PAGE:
Rotating IES files?

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BartS
Posts: 7
Joined: Wed Sep 21, 2011 9:53 pm

Rotating IES files?

Post by BartS » Tue Sep 01, 2020 1:23 am

After several years, I'm returning to Indigo Renderer, and I'm happy to see lots of improvements since my last use (~2015!). but I'm running into an issue.

For a new project, I have to use non-rotationally symmetrical IES files. That proves to be a problem. I have no problem (well, a small one - see below) using IES files, and they seem to render quite well. But once the IES file is *not* rotationally symmetrical, I cannot find how to control this rotation.

In more detail - for e.g. a streetlight, I could use a simple square, emitting straight down. The IES profile of such a light would typically spread the light along the street, rather than projecting a circle on the street. But *how* do I specify the rotation of the IES file around that vertical axis?

In other words - if that street runs east-to-west, and my light profile on the ground 'happens to appear' as north-south oriented, how do I change this?

Some background - I'm using 3DsMax to create my model; and using emitting Indigo materials to create the light sources. I simply assign these to an object. Although I cannot find how to attach an IES file this way, I made a small script to add it to the exported XML file before rendering. (that's the small issue - it's slightly inconvenient).

I have tried UV maps and rotating those, and another suggestion I found was to rotate the pivot; but nothing seems to make any difference.

So, is there a solution?

Thanks!

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thesquirell
Posts: 412
Joined: Fri Aug 29, 2014 3:49 am
Location: Novi Sad, Serbia

Re: Rotating IES files?

Post by thesquirell » Tue Sep 01, 2020 3:03 am

Hey there BartS,

Welcome back. Glad you're enjoying new Indigo. Make sure to give GPU a try, it's amazingly fast, and it even supports SSS!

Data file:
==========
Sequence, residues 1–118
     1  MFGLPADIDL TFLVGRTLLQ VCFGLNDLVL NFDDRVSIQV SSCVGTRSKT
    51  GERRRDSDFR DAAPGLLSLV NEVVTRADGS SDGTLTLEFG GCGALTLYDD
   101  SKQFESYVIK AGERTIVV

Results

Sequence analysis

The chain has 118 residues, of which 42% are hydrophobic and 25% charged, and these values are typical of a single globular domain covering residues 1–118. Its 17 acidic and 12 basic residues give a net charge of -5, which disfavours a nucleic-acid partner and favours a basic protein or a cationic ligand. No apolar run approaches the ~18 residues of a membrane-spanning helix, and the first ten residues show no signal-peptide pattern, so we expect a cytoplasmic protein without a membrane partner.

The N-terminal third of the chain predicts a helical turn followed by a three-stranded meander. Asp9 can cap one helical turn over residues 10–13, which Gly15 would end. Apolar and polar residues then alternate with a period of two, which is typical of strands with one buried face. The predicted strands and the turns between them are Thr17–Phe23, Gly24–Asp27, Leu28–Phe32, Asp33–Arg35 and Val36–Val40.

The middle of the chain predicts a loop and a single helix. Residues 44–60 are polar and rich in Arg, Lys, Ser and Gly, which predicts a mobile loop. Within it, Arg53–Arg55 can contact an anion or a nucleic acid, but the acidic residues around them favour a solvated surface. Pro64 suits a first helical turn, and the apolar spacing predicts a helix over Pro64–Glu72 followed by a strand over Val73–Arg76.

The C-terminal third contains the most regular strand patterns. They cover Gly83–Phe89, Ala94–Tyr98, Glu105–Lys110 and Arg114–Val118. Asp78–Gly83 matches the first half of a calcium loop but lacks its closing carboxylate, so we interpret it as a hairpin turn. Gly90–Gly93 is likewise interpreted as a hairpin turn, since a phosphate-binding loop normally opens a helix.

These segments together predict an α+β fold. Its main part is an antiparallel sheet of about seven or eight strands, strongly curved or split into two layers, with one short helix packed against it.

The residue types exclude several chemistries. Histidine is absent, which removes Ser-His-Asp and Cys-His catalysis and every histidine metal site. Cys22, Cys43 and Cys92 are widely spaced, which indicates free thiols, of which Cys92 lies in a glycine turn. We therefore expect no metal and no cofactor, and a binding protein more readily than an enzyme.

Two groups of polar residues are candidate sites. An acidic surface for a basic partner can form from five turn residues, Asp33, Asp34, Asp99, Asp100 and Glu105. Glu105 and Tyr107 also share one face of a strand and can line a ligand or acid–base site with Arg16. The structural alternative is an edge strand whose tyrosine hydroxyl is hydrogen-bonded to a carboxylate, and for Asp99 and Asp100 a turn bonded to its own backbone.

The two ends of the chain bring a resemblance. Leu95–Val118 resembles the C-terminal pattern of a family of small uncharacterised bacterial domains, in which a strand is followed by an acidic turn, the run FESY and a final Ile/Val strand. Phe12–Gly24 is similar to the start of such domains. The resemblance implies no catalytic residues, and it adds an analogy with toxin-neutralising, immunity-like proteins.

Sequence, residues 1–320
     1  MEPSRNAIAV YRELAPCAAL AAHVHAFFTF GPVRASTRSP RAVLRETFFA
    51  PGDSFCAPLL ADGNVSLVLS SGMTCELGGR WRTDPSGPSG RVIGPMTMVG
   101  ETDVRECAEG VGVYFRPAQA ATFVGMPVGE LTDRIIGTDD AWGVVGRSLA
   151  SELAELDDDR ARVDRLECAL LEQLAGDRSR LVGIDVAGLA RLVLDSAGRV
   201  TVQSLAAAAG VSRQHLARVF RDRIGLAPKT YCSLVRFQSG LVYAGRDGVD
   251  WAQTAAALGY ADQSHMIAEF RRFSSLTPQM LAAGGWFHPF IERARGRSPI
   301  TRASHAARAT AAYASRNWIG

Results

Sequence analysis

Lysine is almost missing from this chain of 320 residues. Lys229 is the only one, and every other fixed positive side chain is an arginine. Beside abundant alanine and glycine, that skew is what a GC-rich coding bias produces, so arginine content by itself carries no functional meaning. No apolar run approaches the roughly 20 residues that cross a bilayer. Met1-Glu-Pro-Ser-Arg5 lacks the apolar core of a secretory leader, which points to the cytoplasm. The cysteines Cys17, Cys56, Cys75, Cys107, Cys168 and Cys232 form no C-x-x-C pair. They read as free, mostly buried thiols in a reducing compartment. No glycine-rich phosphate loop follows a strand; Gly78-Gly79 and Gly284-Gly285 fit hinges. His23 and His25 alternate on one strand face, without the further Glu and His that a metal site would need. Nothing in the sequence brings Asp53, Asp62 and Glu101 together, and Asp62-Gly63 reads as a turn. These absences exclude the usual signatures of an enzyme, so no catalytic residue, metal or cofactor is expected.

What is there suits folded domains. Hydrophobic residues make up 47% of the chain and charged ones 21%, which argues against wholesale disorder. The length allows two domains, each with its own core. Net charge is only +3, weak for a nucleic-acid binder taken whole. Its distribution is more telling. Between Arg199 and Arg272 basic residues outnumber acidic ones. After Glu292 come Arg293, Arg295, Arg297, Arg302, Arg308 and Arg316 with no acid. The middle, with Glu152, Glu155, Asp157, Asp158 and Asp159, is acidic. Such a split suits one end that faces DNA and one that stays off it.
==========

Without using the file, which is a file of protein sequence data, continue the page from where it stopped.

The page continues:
As for the IES profiles, I was able to change the direction of the spread by simply rotating the emitter object. Bear in mind that this way of controlling the direction of the spread only applies to the angels 0 and 90, meaning that you can change the direction only North-South, or East-West, without incremental values in between. I will go ahead and check some other ways of doing this, possibly by using 3rd party software (like IESViewer), but I'm not getting my hopes up.

As for the record, I'm not using 3ds Max, but Cinema 4D, not sure if that makes any difference. Anyway, try rotating your object 90 degrees, not 89, because that's the switching point.
IES_rotation.jpg

BartS
Posts: 7
Joined: Wed Sep 21, 2011 9:53 pm

Re: Rotating IES files?

Post by BartS » Fri Sep 04, 2020 1:07 am

Hi,

thanks for the answer. I tried rotating the object by 90 degrees, but i got some unexpected results.
To be more precise, I made a cube, floating in front of a wall; and emitting on the 4 sides that do not face directly towards (or away from) the wall. All sides have the same material, and obviously, I expected to see 4 identical patterns on the wall.

But that's not what I saw.

3 out of 4 (!) were the same, the 4th direction had an entirely different profile. As is somehow that side had a rotated IES emission.

But stuff got weirder. When I rotated the entire cube by 90 degrees (along an axis through the cube, perpendicular to the wall), the whole situation obviously looked identical. But now TWO sides had a different emission profile, and TWO still had the original one.

To me this is utterly confusing. It seems that an emitting surface with an IES file simply gets 'some' rotation of the IES profile; without the user having any control over it. Yet, a full control (so not just increments of 90 degrees) is essential in some situations. In the streetlight example, imagine a twisting road with multiple lightposts along that road - it should be possible to align the lamps with that road, no matter the direction (north/east/south/west) of that road.

The same applies by the way for e.g. headlights of cars; these too have a non-rotationally-symmetrical profile. Most of the light goes down slightly, not exactly straight ahead But how do you specify this, given an IES file? What is 'up or down' in that case - if the "vertical" in that case is ahead of the car?

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